What do you think about this practice?
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4 comments:

Joy Page Manuel said...

I loved the paragraph you wrote on how the rating may depend on the customer's mood or the employee's ethnic background and other such 'irrelevant' factors. I completely agree that this system is totally unscientific and unreliable. (I'm trying not to use the word 'stupid' here). How can a company terminate its employees just based on such a system, given the hard economic environment we are in now?? If I were in customer service and had to go through this process, I can see myself getting stressed over this as well. I'm naturally introverted and I'm Asian. What if I encounter racists? What if I'm in a business that exposes me to highly stressed and highly strung customers all the time? Should I lose my job even though I know I am competent, know my business, but I'm just not somebody's 'type' or 'preference' because of my skin color or accent or other physical features???

I have no 'mercy' for customer service ppl who absolutely suck, like when they're rude and unbelievably clueless. But when they're just 'in between' or average, like you, it would be difficult to always give a '5' as well. But with the compassion factor, with the knowledge that someone was 'okay' and did her/his best in giving me the service I needed, I could see myself giving '5s'.

Thanks for sharing this! It's good to know.

Laura B said...

I am with you, Tere; a top score should be for exceptional, over-and-above service. I would give someone who gave me perfectly fine, above-average service a 4, not a 5; but I don't think it's fair for a company to terminate employees for being 80%, not 100%. I like that it's encouraging employees to put forth their best service skills possible, but it's still not fair. It's basing a person's entire livelihood on one subjective opinion of their performance. Hopefully, this practice will backfire and companies will find a better way to evaluate their staff.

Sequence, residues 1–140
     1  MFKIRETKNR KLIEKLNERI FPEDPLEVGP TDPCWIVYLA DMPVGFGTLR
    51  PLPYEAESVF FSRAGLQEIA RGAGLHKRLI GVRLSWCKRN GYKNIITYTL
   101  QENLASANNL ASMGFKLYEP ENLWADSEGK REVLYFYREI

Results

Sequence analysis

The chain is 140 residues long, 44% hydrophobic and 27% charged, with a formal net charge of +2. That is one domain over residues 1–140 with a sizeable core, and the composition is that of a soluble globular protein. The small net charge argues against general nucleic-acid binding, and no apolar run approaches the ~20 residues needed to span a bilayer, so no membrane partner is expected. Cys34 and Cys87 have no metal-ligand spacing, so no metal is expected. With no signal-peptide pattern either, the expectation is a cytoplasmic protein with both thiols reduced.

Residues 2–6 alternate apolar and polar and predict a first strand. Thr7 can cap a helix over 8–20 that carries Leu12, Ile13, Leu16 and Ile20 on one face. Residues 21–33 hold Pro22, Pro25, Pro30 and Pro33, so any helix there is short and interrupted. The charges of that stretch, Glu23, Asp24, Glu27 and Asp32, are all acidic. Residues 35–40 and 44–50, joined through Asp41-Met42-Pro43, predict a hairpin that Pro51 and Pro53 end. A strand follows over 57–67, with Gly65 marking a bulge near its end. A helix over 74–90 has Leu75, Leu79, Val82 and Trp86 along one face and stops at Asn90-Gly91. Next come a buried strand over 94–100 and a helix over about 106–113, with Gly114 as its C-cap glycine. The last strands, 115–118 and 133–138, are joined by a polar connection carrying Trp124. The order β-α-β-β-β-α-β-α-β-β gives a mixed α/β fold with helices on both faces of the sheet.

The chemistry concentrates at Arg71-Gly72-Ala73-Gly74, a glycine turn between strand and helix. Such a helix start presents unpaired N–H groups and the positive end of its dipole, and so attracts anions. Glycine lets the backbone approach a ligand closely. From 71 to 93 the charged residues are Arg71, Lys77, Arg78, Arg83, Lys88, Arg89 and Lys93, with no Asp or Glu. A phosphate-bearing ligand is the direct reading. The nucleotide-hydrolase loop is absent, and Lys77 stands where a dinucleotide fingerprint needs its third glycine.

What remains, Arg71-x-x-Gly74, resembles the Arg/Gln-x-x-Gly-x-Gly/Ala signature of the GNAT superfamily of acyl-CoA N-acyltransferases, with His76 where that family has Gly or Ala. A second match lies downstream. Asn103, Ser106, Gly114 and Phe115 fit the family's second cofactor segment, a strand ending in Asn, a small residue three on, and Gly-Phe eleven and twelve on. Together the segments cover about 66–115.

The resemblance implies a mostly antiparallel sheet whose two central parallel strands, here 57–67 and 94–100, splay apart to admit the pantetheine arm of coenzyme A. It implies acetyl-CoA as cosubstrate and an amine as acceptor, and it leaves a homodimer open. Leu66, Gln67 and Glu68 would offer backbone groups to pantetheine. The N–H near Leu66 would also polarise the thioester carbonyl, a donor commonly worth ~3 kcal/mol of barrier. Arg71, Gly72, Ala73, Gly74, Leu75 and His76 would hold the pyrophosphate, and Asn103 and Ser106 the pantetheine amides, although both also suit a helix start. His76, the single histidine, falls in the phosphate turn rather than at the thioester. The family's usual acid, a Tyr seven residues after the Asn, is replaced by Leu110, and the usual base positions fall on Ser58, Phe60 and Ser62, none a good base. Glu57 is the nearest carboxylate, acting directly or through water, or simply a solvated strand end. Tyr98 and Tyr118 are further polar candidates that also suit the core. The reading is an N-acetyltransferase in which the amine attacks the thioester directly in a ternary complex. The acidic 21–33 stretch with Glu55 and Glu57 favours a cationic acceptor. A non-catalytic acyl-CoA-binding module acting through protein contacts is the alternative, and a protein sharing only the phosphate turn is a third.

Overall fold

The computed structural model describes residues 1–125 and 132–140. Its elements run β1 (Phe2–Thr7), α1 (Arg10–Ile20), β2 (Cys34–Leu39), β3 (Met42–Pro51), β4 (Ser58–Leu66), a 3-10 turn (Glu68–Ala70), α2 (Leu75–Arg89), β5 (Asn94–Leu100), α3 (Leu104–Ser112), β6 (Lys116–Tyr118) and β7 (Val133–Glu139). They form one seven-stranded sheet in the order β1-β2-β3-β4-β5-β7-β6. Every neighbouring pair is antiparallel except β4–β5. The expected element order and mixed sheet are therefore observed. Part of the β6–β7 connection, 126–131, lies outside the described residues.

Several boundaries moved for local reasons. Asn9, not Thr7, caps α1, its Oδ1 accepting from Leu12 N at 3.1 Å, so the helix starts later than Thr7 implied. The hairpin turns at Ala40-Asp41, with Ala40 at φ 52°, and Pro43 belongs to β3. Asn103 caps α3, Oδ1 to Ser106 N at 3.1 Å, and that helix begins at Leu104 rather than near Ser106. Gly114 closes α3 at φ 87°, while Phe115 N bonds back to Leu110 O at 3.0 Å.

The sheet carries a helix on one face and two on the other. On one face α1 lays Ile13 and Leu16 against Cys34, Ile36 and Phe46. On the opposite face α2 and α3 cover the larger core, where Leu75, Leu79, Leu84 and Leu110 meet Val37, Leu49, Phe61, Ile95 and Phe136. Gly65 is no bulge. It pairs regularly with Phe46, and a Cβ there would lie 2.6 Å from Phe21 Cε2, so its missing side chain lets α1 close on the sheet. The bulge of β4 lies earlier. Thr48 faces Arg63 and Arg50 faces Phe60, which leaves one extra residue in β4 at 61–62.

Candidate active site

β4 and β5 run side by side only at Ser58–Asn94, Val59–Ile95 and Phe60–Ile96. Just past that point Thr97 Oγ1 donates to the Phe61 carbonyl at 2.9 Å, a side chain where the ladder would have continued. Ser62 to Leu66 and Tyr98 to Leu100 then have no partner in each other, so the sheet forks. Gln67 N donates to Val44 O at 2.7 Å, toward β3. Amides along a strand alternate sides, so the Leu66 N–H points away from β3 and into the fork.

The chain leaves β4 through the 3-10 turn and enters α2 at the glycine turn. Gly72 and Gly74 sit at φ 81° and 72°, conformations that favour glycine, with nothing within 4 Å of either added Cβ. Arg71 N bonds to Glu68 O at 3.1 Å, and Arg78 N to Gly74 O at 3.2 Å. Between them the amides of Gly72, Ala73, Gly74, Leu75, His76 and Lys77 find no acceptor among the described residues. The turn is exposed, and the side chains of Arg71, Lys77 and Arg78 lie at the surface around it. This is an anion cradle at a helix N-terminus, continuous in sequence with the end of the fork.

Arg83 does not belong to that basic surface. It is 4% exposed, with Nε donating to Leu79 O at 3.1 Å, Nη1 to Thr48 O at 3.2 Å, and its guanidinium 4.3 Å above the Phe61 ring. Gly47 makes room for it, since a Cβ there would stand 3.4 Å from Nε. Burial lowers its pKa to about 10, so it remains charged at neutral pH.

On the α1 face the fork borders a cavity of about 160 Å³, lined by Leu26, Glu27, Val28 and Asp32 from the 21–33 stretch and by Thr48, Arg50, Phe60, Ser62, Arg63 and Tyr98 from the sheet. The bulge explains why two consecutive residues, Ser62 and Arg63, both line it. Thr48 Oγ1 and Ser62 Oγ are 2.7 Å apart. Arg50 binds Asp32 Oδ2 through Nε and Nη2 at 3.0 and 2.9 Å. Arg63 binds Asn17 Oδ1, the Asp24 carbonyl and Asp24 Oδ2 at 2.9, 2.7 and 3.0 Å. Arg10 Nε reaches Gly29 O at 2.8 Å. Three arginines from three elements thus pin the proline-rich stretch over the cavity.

Ruth D~ said...

This reminds me a little of kids who would say to me at report card time, "Mrs. D, my parents say if I don't get an A in math, they'll make me quit baseball." Or something else. I never let it influence my grading, but I hated to know.

Andie, aka Andemonium said...

I totally agree. I've been encountering this a lot lately, too. In fact, I've spent numerous hours on the phone with my cable company in the past month and a half, and each time we have the conversation about rating from 1-10 at the end. BUT...unlike what you're encountering, I'm actually asked "Based on this phone call, what would you think you'd rate me?" Um...well...uh...10? But I'm just saying that, because I don't want to get into the fact that I'm frustrated with the company, I hate the script you have to use, you lack personality, etc. Of course, I never take the surveys so it doesn't really matter. But it is SO awkward to be asked something like that, and I hate it!

And that's another thing - if the company is relying on these ratings...why shouldn't they take into account that some people are just assholes and treat ALL customer service reps (store clerks, waitresses, etc.) like crap? They would never give anyone a perfect score because of their nature, whether that rep was the best in the business or not. Or that I was put in a bad mood because this is the 5th time I've called about this issue, so no matter what, I'm not going to like talking to the person on the other end of the phone? So if I don't have the self control to realize that I'm just frustrated and it's not her fault, she gets fired? That's craziness.

But also, I think customer service across the board, in all industries, has gone down the tubes in recent years. ESPECIALLY the food service industry (or maybe it's just in L.A.) So something has to be done, right? If this works, whether it's unfair to the employee or not, I guess makes for a better experience for customers (like you said about the cell carrier). So how much do I care about those strangers' jobs, vs. how much I care about my experience in dealing with a company I give tons of money to? That's tough.